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Do You Own Pre-Worn Jeans? They May Have Caused Devastating Lung Illnesses In Chinese Workers

A new study shows that none of the factories under review provided their workers with adequate safety equipment.
 
 
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Photo Credit: Student and Scholars Against Corporate Misbehaviour

 

"Distressed” jeans are designed to make that wear-and-tear look seem oh-so-effortless, but it can be the result of someone’s body taking a real beating.

According to a recent investigation by the advocacy groups Clean Clothes Campaign, War on Want, and Hong Kong-based Students and Scholars Against Corporate Misbehaviour (SACOM), several manufacturers in Guangdong, China—which supply global brands such as Levi Strauss, Lee and Wrangler—have used patently unsafe sandblasting techniques on their denim.

Sandblasting usually involves spraying chemicals and mineral dust against textiles to create a weathered look. It is commonly done by hand, using an air gun, though some manufacturers use mechanical sandblasting performed inside special cabinets. Without adequate ventilation and other protections, either technique can expose workers to damaging particles that increase the risk of silicosis, pulmonary fibrosis and other lung and respiratory problems.

Researchers found that while safety conditions varied across the different facilities, “none of the factories where sandblasting was still reported to be taking place provided sandblasters with adequate safety equipment.” From the report:

Workers were not provided with adequate protective wear (e.g. face masks, eye masks and gloves) when they undertook procedures like hand-sanding, polishing, water-based treatment, and chemical spraying (e.g. potassium permanganate). They received no proper training and were not equipped with enough occupational health and safety knowledge to understand the risk of the materials they use every day.

Some workers reported alarming exposures to potassium permaganate, a lightening chemical linked to skin and respiratory irritation . But, they said, “supervisors often dismissed their health concerns, declaring that the chemicals were not harmful in any way.”

On top of the sandblasting hazards, researchers also found that workers reported suffering from fatigue and chronic pain under the strenuous working conditions.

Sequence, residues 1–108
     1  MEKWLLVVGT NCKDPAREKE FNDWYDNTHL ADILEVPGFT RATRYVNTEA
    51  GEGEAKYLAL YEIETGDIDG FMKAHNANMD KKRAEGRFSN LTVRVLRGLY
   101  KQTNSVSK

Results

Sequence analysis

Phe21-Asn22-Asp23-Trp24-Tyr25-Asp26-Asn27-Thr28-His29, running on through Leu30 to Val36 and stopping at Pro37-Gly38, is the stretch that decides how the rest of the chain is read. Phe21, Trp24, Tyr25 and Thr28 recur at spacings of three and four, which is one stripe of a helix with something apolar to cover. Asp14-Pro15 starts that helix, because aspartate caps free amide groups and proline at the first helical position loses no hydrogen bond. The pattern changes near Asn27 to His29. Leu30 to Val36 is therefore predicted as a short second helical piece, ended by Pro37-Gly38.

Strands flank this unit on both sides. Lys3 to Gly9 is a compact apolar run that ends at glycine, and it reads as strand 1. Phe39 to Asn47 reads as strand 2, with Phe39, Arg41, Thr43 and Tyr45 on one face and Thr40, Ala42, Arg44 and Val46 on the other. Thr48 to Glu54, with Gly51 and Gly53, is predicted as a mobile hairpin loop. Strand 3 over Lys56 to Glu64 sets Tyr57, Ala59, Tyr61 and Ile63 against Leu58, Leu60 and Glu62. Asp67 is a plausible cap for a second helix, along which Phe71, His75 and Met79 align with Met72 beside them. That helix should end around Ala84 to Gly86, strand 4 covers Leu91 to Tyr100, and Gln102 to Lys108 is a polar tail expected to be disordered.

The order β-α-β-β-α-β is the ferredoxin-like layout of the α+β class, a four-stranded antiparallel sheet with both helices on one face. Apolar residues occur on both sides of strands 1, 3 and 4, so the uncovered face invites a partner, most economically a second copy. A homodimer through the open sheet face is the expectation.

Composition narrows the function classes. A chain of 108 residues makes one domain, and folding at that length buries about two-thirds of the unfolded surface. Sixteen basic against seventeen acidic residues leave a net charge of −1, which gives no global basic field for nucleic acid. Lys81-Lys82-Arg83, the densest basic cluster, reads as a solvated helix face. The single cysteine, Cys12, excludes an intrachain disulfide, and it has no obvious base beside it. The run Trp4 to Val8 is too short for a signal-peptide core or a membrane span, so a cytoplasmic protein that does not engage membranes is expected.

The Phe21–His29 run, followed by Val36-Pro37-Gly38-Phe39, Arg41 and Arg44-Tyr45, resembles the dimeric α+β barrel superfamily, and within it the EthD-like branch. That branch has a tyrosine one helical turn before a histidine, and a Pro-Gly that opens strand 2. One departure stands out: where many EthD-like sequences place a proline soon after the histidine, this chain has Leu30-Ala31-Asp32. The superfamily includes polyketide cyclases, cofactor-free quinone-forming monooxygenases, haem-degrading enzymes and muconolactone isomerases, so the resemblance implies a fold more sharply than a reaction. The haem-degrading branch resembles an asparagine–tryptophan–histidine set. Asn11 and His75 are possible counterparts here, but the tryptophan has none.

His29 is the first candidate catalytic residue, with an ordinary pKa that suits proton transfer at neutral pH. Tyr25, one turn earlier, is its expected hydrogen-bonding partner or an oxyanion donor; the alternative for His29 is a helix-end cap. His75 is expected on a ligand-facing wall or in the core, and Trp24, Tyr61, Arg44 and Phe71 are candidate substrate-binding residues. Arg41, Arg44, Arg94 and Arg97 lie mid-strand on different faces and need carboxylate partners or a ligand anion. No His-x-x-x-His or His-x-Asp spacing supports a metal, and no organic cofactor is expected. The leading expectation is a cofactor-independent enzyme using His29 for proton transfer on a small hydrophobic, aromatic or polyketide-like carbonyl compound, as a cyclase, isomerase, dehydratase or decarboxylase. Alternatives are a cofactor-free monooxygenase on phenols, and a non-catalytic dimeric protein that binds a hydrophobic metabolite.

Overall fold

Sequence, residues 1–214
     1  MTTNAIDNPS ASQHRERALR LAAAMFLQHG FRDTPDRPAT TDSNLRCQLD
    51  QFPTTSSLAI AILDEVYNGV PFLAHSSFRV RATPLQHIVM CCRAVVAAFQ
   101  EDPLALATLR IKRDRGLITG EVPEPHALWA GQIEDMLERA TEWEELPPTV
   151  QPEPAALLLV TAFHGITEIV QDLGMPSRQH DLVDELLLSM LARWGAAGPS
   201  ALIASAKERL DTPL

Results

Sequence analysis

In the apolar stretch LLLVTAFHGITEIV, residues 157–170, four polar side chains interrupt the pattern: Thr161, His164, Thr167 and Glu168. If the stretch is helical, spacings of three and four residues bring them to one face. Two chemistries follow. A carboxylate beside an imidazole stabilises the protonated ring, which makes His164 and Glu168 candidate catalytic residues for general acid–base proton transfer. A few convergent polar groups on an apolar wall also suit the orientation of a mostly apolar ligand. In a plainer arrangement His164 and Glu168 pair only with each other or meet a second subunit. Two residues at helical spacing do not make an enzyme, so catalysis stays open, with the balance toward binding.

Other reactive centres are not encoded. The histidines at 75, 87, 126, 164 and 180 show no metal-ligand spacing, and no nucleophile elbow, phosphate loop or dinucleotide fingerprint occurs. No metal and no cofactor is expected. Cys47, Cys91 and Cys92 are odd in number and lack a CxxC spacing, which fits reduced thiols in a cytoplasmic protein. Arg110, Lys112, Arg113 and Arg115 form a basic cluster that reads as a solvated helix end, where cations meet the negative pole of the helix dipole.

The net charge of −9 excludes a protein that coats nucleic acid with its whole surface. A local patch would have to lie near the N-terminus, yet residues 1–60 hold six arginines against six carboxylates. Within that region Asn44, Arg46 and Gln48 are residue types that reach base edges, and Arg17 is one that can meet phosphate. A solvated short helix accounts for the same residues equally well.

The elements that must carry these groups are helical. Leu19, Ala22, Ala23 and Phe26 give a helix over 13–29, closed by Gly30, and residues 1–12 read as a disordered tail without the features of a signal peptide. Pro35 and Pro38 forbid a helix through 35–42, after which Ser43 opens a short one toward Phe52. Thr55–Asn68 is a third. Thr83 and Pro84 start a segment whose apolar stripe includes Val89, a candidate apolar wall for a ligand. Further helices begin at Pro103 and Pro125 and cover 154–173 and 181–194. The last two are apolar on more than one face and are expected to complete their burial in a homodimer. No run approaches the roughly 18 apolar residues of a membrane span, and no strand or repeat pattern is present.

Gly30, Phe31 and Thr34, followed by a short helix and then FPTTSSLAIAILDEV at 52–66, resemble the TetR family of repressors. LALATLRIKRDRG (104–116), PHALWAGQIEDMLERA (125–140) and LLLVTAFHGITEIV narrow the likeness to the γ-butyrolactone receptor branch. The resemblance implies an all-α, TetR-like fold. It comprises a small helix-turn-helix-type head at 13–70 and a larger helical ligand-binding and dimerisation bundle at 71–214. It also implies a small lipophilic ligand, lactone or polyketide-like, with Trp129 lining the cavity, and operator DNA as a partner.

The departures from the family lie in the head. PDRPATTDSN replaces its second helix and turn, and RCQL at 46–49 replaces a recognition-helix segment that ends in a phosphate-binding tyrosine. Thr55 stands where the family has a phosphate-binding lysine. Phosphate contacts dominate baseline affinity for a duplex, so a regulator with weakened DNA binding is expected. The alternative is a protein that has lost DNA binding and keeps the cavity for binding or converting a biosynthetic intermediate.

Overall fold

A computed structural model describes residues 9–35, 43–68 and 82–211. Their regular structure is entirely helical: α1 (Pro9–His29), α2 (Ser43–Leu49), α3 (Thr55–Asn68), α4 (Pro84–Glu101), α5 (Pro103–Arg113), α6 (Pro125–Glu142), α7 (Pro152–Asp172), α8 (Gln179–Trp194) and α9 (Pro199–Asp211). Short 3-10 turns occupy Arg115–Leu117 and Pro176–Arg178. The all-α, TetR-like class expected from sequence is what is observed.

The report indicates that socioeconomic pressures lead struggling migrant garment workers to accept unhealthy conditions as just part of the job. At the Conshing factory, for instance, “although they were aware of the health risks associated with their jobs, they were willing to take the risk for the higher salaries that Conshing offered sandblasters."

Choking on the dust of prosperity

Silicosis is just one of a set of work-induced respiratory diseases, collectively called pneumoconiosis, that have exploded in China over the past two decades of breakneck “modernization.” According to a major new analysis by China Labour Bulletin (CLB), there is no clear data on the scale of the epidemic, in large part because Beijing refuses to fully acknowledge it as a rising occupational health crisis. The actual number of cases nationwide could be as high as six million. Fully covering the healthcare costs of pneumoconiosis patients would cost 120 billion to 250 billion yuan (US $19.6 to $40.7 billion), CLB estimates.

Rates are highest among migrant workers (unofficial local residents) who tend to be poor and from rural areas. Since medicines can cost as much as 1000 yuan (US $162) per month, untold numbers of migrants are priced out of treatment.

Though China has taken steps over the past decade to institute a national healthcare system, the programs are notoriously weak. Moreover, the commercialization of medical services and hospitals under China’s capitalist reforms has also dramatically raised Chinese workers’ healthcare costs. This means many struggling workers rarely have the full costs of their treatment met through healthcare programs.

Since the diseases are workplace-related, worker's comp could theoretically step in to cover that gap. But China's occupational-disease compensation system is bare-bones and fraught with legal hurdles. Workers must prove an employment relationship, which is a "next to impossible" task for many migrant workers, according to CLB, since many lack formal labor contracts. Even when workers’ claims are certified, some bosses simply refuse to pay. With no truly autonomous unions and little legal support, countless garment workers are left basically defenseless.

 
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